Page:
Tick warning signs coming to Chappaquiddick

The Chappaquiddick Island Association and MV Tick Project are each preparing related signage efforts.

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Next month, the Chappaquiddick Island Association will be posting signs warning of the presence of ticks at trailheads on Chappaquiddick. 

The association will be placing signs at Martha’s Vineyard Land Bank trails.

Also, by next summer, the MV Tick Project plans to place its own warning signs on Chappaquiddick, as a supplemental project at Land Bank and Sheriff’s Meadow properties. This effort could eventually lead to warnings Vineyard-wide.

The sign projects see themselves and each other as meant to alert hikers and passers-by to the risk of ticks. Chappaquiddick is of particular interest regarding lone star ticks: the Tick Project’s 2022 Residential Yard Surveys identified the island and Aquinnah as local hotspots for the species. 

Lone star tick bites can make people allergic to the carbohydrate alpha-galactose, which is found in mammalian products. This can even cause severe allergic reactions to common foods like beef, pork and dairy.

Alan Feldman, who chairs a tick subcommittee within the association’s Environmental Committee, will be posting the signs. “You don’t necessarily want to educate people with the sign. You want to let them know: ticks are here, remember that,” he said. “Simple and bold as possible.”

Feldman says that a dozen of signs have been printed at approximately $10 each, and funded by the island association. “I think [the dozen] will cover most of where the Land Bank has the beginning and end of trail markers,” Feldman says. If necessary, Feldman will order additional signs.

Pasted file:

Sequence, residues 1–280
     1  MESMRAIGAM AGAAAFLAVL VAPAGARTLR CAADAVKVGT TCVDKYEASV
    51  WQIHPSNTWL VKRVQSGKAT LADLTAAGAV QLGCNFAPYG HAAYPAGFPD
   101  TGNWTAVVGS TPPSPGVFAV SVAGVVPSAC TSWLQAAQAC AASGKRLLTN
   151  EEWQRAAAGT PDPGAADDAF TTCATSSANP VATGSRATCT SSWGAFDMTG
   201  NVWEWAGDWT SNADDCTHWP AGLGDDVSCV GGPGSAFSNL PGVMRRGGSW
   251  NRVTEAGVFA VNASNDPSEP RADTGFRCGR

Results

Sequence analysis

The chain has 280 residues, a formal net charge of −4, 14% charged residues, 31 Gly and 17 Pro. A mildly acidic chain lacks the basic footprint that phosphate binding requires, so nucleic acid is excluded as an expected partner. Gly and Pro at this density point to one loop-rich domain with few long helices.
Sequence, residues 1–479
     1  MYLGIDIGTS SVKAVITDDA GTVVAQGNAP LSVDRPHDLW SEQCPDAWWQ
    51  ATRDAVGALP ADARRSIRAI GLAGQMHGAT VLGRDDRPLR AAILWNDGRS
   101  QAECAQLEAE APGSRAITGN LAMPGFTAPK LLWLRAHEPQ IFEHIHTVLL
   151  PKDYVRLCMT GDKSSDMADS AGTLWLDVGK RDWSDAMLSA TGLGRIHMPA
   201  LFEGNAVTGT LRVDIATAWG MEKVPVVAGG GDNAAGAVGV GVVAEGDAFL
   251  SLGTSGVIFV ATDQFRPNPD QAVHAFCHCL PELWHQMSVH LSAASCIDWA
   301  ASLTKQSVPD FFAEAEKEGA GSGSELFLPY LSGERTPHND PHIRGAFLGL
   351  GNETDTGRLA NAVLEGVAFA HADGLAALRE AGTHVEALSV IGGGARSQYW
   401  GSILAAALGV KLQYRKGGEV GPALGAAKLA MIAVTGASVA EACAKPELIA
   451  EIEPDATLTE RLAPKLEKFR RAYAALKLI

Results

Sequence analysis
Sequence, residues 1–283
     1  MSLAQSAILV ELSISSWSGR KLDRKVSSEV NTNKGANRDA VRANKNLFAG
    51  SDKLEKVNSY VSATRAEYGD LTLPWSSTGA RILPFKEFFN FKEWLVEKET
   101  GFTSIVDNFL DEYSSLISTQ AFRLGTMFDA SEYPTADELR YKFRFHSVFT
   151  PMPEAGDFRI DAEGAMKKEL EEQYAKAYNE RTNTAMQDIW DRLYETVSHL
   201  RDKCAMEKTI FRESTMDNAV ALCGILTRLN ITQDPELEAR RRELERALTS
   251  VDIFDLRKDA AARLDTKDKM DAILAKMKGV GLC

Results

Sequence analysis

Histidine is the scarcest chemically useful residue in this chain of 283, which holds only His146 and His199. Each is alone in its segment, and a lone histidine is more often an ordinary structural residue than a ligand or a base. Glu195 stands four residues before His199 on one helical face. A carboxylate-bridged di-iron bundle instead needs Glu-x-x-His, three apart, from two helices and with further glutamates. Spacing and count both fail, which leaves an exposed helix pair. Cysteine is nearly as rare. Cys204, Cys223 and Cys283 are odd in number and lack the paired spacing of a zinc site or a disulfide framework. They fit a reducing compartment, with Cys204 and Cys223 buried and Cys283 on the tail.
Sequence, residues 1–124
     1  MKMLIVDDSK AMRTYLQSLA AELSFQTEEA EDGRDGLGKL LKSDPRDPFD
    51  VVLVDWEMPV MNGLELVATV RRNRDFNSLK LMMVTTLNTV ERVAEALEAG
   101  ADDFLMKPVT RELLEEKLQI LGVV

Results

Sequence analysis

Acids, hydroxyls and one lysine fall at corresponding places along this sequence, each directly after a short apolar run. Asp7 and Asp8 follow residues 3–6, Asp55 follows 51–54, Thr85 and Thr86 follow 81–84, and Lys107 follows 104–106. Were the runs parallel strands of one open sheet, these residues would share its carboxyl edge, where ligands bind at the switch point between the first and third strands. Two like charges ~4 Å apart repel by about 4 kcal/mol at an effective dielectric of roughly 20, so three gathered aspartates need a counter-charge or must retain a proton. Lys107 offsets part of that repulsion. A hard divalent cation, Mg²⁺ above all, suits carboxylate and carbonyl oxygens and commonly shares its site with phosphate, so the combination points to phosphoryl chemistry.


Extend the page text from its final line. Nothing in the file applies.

Patrick Roden-Reynolds, who heads the MV Tick Project, agrees with the importance of awareness.

Roden-Reynolds is preparing different, larger warning signs. He plans to post them at Chappaquiddick trailheads, and has discussed his project with the Land Bank and Sheriff’s Meadow. Roden-Reynolds also has the entire Vineyard in mind for his signs, as he sees current public alerts as incomplete and not eye-catching. “Some trailheads have older black-and-white ‘Caution: deer tick’ signs…it’s due time for kind of redoing all of those and making sure all the trailheads have signs…all the Island is tick habitat,” says Roden-Reynolds.

Roden-Reynolds says that the number of his signs posted will depend on further input from the Land Bank and Sheriff’s Meadow, and that the input will also inform total project costs.

Since the Chappaquiddick Island Association formed its Environmental Committee in September 2019, the committee has consulted experts on tickborne illnesses, explored deer culling on Chappaquiddick to lower tick populations, and distributed anti-tick socks.

Other than new signage, Feldman says that the next step on Chappaquiddick will be a study to determine the local deer population. Feldman cited the example of Monhegan Island, Maine. Monhegan Island hired a sharpshooter who hunted all their deer, a population of roughly 100. After, ticks and tickborne illness dropped on the island. 

Feldman acknowledges that eliminating all of Chappaquiddick’s deer would not be well-received, nor a simple task. A better sense of Chappaquiddick’s deer could allow a middle-ground culling goal. “Scientists believe that on Martha’s Vineyard, there should be five to 10 deer per square mile,” says Feldman. “Scientists think there may be as many as 30 or 40 per square mile. More deer means more likelihood to transmit tickborne illness. Deer are still the most important vector.”

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